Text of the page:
Welcome Whoopers Back
by Ro Wauer
Yes, it is again the time of year that those very special winter Texans – whooping cranes - are returning to Aransas National Wildlife Refuge and environs. A recent article in the Audubon Outdoor Club Newsletter (Kathy Griffith, editor) of Corpus Christi reminded me of this marvelous event. Kathy’s article also provided good up-to-date information on the bird’s status. Much of the material below is taken from her “Whooping Crane Report.”
Last winter has hard on our whoopers! Drought, decreased inflows into the Gulf from the Guadalupe River, and withdrawals of water for human uses reduced bay productivity that negatively impacted blue crabs, the whooper’s principal food supply. Those impacts, along with housing developments next to marshes, whooper’s foraging sites, add to the local impacts. And “in the migration corridor, the cranes are facing a proliferation of wind farms and associated power lines. Collisions with power lines is the number one cause of mortality for fledged whooping cranes, and the miles of lines continue to grow substantially.” There is good reason why whoopers are endangered.
Only 247 of our South Texas whoopers made it through the 2008-2009 winter to migrate northward to their breeding grounds in Wood Buffalo National Park in Canada’s Northwest Territories. Those birds found adequate nesting conditions, but only 22 chicks fledged from 62 nests, below the average production rate. “Perhaps the weakened condition of the birds from the previous winter had taken its toll. With the drought continuing in south Texas into the fall of 2009, wildlife officials are leery of what conditions for the flock will be like at Aransas in the 2009-2010 winter. Water holes were re-conditioned on the Aransas National Wildlife Refuge to ensure the cranes will have fresh water to drink if the marshes remain above the threshold salinity of 23 parts per thousands when whooping cranes must find fresh water to drink.”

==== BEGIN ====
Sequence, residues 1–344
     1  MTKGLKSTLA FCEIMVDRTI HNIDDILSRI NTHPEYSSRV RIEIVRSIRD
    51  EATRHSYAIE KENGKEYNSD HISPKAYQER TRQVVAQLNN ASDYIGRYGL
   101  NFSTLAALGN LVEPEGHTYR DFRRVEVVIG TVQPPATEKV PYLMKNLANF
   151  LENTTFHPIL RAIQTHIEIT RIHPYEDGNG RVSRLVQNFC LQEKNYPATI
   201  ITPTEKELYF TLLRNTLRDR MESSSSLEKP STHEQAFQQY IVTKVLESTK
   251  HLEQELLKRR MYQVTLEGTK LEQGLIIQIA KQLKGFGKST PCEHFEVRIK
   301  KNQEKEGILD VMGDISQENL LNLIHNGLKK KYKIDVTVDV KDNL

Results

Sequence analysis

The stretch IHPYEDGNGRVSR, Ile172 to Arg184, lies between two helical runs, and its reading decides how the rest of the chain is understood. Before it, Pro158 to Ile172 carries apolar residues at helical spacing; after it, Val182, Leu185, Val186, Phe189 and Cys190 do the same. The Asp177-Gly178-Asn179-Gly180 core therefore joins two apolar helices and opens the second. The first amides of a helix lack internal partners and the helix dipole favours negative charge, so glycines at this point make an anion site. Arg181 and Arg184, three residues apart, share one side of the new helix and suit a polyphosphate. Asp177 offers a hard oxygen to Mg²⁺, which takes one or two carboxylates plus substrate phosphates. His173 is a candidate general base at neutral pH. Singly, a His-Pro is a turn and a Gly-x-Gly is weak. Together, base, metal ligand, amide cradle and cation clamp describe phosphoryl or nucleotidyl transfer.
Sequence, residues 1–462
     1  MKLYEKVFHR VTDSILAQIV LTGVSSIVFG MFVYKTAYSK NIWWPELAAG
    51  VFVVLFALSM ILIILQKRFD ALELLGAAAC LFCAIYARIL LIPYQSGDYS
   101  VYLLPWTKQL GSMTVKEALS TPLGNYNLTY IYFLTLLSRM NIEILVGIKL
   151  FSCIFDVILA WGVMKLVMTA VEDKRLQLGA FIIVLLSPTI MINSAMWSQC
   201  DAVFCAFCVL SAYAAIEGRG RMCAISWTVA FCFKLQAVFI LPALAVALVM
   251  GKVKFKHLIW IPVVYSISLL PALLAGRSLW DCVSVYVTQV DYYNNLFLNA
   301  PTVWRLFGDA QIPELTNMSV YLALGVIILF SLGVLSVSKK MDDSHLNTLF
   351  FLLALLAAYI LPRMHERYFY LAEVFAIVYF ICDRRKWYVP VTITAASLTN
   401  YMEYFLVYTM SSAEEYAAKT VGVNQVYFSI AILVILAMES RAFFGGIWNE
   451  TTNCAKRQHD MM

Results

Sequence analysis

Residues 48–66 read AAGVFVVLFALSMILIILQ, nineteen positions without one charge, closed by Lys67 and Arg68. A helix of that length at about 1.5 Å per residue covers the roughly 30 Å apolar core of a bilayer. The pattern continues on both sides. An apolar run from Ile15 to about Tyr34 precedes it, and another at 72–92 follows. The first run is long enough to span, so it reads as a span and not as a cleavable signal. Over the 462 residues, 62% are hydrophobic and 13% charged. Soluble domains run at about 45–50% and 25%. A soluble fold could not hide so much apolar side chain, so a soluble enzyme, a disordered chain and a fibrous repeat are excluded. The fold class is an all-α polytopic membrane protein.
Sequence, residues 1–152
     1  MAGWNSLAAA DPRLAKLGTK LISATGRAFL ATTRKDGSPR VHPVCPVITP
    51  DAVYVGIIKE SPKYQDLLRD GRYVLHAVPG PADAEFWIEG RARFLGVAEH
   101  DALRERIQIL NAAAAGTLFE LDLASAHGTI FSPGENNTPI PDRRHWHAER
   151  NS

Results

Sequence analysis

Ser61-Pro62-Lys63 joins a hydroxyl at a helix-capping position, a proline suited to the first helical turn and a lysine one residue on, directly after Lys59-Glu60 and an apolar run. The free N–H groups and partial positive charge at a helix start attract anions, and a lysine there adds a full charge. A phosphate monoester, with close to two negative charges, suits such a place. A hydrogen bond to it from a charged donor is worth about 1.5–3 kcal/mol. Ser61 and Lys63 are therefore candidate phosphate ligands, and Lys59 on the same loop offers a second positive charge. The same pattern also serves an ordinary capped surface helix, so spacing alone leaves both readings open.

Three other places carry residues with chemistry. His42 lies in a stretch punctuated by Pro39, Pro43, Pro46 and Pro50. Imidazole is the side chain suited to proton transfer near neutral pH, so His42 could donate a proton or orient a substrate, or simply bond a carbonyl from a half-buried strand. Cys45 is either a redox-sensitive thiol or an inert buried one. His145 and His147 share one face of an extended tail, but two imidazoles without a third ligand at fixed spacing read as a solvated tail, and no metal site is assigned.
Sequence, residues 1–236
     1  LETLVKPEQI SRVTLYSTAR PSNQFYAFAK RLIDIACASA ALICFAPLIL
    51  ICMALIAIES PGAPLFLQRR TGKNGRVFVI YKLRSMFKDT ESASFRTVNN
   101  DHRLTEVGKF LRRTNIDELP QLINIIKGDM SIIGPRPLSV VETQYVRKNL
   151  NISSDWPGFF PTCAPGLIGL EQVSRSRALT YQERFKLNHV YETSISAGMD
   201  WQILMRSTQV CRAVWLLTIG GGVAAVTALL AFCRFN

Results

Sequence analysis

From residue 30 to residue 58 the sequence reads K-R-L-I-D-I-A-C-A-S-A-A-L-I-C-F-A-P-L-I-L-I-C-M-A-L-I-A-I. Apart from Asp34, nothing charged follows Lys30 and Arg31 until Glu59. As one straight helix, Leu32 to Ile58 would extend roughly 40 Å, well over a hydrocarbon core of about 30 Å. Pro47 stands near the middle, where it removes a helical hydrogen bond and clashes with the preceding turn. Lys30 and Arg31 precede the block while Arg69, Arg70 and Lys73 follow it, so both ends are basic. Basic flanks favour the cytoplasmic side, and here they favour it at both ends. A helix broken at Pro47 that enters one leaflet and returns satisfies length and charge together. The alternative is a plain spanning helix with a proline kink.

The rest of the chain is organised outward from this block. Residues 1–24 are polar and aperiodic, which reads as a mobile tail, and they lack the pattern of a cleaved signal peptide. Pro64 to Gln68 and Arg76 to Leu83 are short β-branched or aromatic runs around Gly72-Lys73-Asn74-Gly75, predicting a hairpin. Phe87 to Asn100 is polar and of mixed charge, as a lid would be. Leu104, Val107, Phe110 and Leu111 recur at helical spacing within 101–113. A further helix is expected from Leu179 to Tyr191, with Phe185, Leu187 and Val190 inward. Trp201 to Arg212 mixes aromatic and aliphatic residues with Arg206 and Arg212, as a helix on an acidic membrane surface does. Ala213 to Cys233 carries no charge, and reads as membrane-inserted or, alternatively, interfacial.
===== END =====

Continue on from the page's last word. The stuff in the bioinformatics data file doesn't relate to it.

At the present time there are a total number of 536 known whooping cranes, 384 in the wild and 152 in captivity. “Young whooping cranes bred in captivity are being reintroduced in the wild in two flocks in the eastern U.S.” In the fall of 2001, eight whoopers were flown behind an ultralight aircraft between Wisconsin and Florida; “five of those survived the winter and started the migration back north on their own in April 2002. Additional birds were reintroduced in the next eight years, with 108 whooping cranes now migrating in the eastern U.S. However, the birds are struggling to hatch young with the adults abandoning their nests just prior to hatching the eggs due to swarms of black flies bothering the adults.” A second wild flock consists of 29 remaining non-migratory whoopers in central Florida. “That reintroduction effort has been abandoned as the cranes struggled with poor rates of reproduction and low survival mostly tied to re-occurring drought.”
The South Texas winter flock of whooping cranes is very special! Too often they are ignored and considered unimportant. But they are more than an ideal curiosity. They are a national treasure that we must appreciate and maintain. As Kathy wrote: “It will take increasing vigilance by man if this species is to survive and provide a thrill for your great-great-grand children to see, just as they provide enjoyment for Texans and thousands of visitors from around the world annually that visit Aransas NWR to see this magnificent species.”